To a certain extent, virtual reality is already a staple in the architecture profession. In large offices, and some innovative smaller ones, a semi-portable VR rig with headset, handsets and sensors has been a common sight for the last year or two. Seeing them in use, however, is less common, as they’re often confined to special demonstrations and not an integral part of the design process.
But what if an architect’s VR experience occurred in a purpose-built room where participants immersed themselves in a 1-to-1 projection of the firm’s own design software, viewed through standard-size eyeglasses? This is exactly what pioneering company Reynaers Aluminium made for its Experience Center in Belgium, the center where they showcase the possibilities of their wide product range for windows, doors and façades. It’s a fascinating example of the direction VR technology for architects is
Reynaers collaborates with architects, clients, investors, and builders throughout a project’s lifecycle, delivering architecturally-sound windows that are as stunning as they are energy efficient. With more than 40 offices worldwide, the company not only creates high-end aluminum framing but also immerses itself in realizing the client’s vision. This is where VR comes in.
Dubbed “AVALON”, Reynaers Aluminium’s VR room is a five-sided projection room with 25 high-resolution laser projectors concealed in its walls. Wearing active 3D glasses that create a stereoscopic image within the space, up to eight people can simultaneously inhabit the same model. This unique setup allows architects, clients and contractors to make seemingly in-situ design decisions about their buildings long before construction starts.
The key to this technology is the use of eyeglasses instead of a head mounted display, which until now has been a ubiquitous aspect of virtual reality displays. Headsets have never been practical for group work because they’re often cumbersome to wear and physically isolating, skewing one’s sense of inertia at best, causing participants to run into each other at worst.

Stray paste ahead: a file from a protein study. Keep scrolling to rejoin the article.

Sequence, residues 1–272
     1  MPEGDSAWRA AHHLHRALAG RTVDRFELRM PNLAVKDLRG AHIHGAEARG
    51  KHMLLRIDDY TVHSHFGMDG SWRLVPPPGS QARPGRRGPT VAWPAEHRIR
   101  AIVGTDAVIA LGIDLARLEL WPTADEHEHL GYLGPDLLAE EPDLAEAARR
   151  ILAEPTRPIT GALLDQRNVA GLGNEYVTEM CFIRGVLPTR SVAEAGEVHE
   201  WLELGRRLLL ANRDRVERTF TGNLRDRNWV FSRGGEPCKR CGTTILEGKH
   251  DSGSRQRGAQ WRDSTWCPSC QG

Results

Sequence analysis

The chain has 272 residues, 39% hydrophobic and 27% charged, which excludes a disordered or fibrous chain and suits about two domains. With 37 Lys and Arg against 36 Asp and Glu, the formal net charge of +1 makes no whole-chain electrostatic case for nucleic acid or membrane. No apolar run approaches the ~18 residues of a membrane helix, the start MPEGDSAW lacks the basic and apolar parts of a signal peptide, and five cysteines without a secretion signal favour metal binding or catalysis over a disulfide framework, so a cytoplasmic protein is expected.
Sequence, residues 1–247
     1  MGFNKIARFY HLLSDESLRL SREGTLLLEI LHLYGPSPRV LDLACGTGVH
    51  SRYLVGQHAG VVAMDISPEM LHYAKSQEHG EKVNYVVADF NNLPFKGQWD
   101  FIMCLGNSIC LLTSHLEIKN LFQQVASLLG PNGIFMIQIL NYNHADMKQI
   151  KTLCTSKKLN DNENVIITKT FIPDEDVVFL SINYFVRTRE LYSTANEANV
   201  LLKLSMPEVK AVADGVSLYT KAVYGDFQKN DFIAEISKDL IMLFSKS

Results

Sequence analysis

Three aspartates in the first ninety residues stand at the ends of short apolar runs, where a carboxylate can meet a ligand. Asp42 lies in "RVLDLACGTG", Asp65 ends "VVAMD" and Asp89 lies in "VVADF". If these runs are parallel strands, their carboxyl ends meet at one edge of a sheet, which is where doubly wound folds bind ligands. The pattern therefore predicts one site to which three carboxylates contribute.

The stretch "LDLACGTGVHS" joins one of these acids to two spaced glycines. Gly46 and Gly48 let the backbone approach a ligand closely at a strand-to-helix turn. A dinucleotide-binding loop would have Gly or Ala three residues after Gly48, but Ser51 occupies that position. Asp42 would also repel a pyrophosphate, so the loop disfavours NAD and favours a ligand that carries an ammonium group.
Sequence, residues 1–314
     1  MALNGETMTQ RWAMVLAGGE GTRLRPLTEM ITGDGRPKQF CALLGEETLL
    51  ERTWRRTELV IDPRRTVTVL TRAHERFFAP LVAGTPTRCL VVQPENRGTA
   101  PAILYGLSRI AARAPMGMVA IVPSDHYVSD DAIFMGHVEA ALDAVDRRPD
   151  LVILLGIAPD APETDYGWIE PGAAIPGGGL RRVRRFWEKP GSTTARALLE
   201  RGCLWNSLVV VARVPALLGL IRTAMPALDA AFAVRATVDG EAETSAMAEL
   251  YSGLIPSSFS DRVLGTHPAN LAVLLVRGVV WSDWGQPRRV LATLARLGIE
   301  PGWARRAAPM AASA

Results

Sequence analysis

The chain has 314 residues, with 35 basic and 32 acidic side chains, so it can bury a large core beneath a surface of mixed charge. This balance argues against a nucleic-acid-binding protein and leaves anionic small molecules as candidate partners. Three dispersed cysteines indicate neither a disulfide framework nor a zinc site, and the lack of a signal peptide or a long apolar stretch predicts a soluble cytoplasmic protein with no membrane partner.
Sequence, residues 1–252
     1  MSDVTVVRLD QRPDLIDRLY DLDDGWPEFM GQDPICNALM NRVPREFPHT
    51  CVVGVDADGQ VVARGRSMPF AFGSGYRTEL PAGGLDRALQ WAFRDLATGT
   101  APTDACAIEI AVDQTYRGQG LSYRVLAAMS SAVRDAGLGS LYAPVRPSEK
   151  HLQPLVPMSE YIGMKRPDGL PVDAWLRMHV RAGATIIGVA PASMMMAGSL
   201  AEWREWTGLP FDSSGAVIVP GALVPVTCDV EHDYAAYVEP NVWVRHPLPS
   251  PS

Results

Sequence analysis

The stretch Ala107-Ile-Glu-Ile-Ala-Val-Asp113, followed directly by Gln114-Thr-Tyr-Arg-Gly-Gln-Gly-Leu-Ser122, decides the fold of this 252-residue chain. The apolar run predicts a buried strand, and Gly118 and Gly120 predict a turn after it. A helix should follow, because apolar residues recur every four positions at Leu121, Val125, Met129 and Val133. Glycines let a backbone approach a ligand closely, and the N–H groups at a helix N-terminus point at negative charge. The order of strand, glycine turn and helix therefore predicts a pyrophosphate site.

The AVALON setup relies on active 3D glasses with transparent lenses to view virtual images, letting users see each other as well as the projection. The glasses wirelessly track participants’ movements, coordinating everyone’s view so they appear to interact with the same model at different angles.
While the thought of utilizing Star Trek’s holodeck to design buildings might seem tantalizing, that sort of fantasy tends to break down when one considers exactly how they might accomplish their work with it. What’s notable about AVALON is that it simply adapts today’s common architectural software to become life-size in VR, operated as it would on a desktop or laptop, with some additional hand controls to enhance the experience.
An indicator of just how advanced VR technology already is, AVALON employs a dedicated “middleware” software of its own to convert nearly any popular design program into one with a three-dimensional interface. Revit, Archicad, SketchUp, Navisworks and Unreal Engine are just some of the programs AVALON uses in VR without relying on an additional interface.
This approach is surprisingly intuitive when most design software is inherently three-dimensional but typically viewed on a monitor. Working within the AVALON VR room with all major project participants is not only engaging and novel, but can condense months of back-and-forth decision making into a single day.
For anyone able to visit Reynaers Aluminium’s Experience Center in Belgium, the company has opened AVALON for booking by architects and other related professionals to use. As a preview for what might one day be an essential component of architects’ offices around the globe, many project teams have already used AVALON for a range of typical design tasks.
The AVALON VR room can easily be used for early-phase spatial modeling and walkthroughs, imparting a sense of scale, material and spatial logistics to clients and future users. Technical modeling can be especially useful as a building’s design comes together, with AVALON allowing designers to resolve systems clashes with contractors or run lighting and thermal simulations with consultants. Fully rendered, high quality models can be valuable for obtaining final sign-offs, and later used by clients as promotional or fund-raising tools.
In terms of adapting to current practice, the fact that a VR room like AVALON is managed by a dedicated operator means there’s no training needed for staff to use it. Anyone in an architect’s office, from interns to principals, can simply walk in and conduct their typical work with the operator’s assistance, ensuring such a sophisticated setup will be used to its full potential.
While it’s too early to tell if VR rooms will become an integral part of architectural design, AVALON is an exciting leap forward in this technology’s capabilities for designers. If architects embrace such a practical tool as this, it will only become better, cheaper and more accessible over time.
All images via Reynaers